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Debate in Norway

Electric car club calls for a rethink on zero-emission delivery vans

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Norway is regarded as a pioneer in electromobility, which the Norwegian Electric Car Club (Norsk elbilforening) proudly recognises as a result of its work. Its Secretary General, Christina Bu, is now convinced that the government's target that all new vans must be emission-free from 2025 has failed. Instead, she is proposing new targets.

Christina Bu, a woman in a blazer in front of a parking area with transporters

Christina Bu, Secretary General of the Norwegian Electric Vehicle Association © Jamieson Pothecary/Norsk elbilforening

Norsk elbilforening is an influential NGO in Norway that is listened to in politics. The e-car club represents over 120,000 members who own electric cars themselves and sees itself as both a consumer and environmental organisation. Among other things, it has long been successfully campaigning for electric vehicles to be more favourable than combustion cars through subsidies and regulations. With success: last year, over 80 % of new cars registered in Norway were purely battery electric. A ban on combustion engines has long since been decided, but Norsk elbilforening sees a need to catch up when it comes to commercial vehicles. At the beginning of February, the club organised a panel discussion entitled "The forgotten climate target?". In addition to representatives from the business world, several politicians were also invited.

Norsk elbilforening's title alludes to the fact that only 29 % of new vans were electric in 2023. After the state energy agency Enova cancelled subsidies for electric vans at the beginning of 2023, the proportion of electric vehicles sold fell from 38 % in March to 25 % in December. Christina Bu warned: "We have no chance of reaching 100 % of new sales with electric vans by 2025. It seems that politicians have forgotten about vans." Instead, her association is proposing to combine the targets for light and heavy vans, which were previously set to be emission-free by 2025 and 2030 respectively. Instead, the government should set a target for all vans to be emission-free by 2027. Bu hopes that the discussion will lead to new talks and approaches to accelerate the switch to electric drives.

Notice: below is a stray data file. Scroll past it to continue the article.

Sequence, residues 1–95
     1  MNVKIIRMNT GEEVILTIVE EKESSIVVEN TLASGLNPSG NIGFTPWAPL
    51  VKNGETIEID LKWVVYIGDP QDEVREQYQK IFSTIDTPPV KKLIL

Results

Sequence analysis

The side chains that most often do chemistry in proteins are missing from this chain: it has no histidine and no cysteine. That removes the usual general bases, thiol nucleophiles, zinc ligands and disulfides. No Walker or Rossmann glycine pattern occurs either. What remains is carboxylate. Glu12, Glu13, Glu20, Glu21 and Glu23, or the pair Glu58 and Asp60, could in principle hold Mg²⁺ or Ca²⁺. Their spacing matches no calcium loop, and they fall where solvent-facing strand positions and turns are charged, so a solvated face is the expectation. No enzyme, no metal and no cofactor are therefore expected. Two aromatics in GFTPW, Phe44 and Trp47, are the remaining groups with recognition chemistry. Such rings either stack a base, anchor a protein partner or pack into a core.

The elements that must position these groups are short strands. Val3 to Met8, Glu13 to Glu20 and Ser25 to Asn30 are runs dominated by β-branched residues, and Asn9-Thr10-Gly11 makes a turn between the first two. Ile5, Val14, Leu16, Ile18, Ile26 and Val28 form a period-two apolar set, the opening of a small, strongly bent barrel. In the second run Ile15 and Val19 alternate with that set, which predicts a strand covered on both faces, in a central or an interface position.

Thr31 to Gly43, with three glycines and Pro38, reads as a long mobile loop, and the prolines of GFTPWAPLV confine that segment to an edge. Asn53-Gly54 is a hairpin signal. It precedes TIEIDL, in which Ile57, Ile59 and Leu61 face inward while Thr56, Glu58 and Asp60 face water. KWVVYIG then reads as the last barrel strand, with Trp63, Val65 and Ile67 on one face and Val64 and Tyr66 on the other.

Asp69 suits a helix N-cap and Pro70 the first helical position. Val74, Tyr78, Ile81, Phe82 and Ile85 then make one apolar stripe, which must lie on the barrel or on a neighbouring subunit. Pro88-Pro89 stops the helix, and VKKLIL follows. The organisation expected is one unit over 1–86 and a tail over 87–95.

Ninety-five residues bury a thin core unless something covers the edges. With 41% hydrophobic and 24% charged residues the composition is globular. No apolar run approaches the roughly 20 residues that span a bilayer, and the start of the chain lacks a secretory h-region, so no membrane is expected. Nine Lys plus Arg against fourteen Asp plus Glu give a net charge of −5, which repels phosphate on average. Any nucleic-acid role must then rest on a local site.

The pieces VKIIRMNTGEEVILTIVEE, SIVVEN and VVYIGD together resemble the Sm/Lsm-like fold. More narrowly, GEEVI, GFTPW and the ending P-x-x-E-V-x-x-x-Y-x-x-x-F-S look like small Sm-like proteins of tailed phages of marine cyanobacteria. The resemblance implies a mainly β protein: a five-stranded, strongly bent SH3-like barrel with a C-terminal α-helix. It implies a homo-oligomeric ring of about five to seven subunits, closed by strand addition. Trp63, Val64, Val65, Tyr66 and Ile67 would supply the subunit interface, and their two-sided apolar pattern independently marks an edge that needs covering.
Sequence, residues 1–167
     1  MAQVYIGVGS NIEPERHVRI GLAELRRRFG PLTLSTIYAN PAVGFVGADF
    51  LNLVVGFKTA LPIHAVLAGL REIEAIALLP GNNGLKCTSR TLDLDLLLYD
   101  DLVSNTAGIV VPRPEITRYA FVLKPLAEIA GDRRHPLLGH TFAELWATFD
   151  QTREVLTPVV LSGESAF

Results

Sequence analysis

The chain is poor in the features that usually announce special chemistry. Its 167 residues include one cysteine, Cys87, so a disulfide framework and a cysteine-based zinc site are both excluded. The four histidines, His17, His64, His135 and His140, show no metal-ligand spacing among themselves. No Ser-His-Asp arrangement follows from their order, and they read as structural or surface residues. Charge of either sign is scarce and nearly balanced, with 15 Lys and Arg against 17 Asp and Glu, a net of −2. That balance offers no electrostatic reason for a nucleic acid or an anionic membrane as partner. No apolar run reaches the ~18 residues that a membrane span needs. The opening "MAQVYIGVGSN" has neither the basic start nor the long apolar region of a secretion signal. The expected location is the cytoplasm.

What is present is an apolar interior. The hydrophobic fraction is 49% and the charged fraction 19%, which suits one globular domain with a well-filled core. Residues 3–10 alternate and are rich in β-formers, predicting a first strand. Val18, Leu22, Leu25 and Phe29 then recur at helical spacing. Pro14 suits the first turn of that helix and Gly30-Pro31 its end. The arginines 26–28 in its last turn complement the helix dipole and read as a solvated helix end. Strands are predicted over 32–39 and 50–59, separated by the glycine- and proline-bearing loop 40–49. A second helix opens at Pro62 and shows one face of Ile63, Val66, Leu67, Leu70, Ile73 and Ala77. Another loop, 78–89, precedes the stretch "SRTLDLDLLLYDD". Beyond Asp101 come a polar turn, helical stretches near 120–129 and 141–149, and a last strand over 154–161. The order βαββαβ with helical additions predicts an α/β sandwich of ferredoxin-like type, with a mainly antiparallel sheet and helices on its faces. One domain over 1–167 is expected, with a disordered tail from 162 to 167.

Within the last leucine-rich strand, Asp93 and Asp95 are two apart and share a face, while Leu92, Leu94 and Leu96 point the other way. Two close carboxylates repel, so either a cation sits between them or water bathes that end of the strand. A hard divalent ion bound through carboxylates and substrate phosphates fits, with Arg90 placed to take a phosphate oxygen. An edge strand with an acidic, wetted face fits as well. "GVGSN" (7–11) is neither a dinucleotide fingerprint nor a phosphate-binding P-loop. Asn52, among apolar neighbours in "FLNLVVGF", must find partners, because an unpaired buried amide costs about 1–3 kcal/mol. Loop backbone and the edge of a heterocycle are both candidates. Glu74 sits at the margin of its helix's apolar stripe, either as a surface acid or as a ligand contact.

During the discussion, it became clear that the incentives for electric mobility are lower for commercial vehicles than for cars, although the purchase costs are higher. In addition, battery electric vehicles have disadvantages such as longer charging times and lower payloads. There was a consensus that more support is needed here.

Measures discussed included a toll exemption or an adjustment to taxation. The idea of setting requirements for the use of electric vehicles in public tenders also met with approval. Jone Blikra from the ruling Labour Party did not want to give any details on the new goals of the national government. He referred to the ongoing revision of the national transport plan, which the government intends to present to the Storting in March.


Jan Klein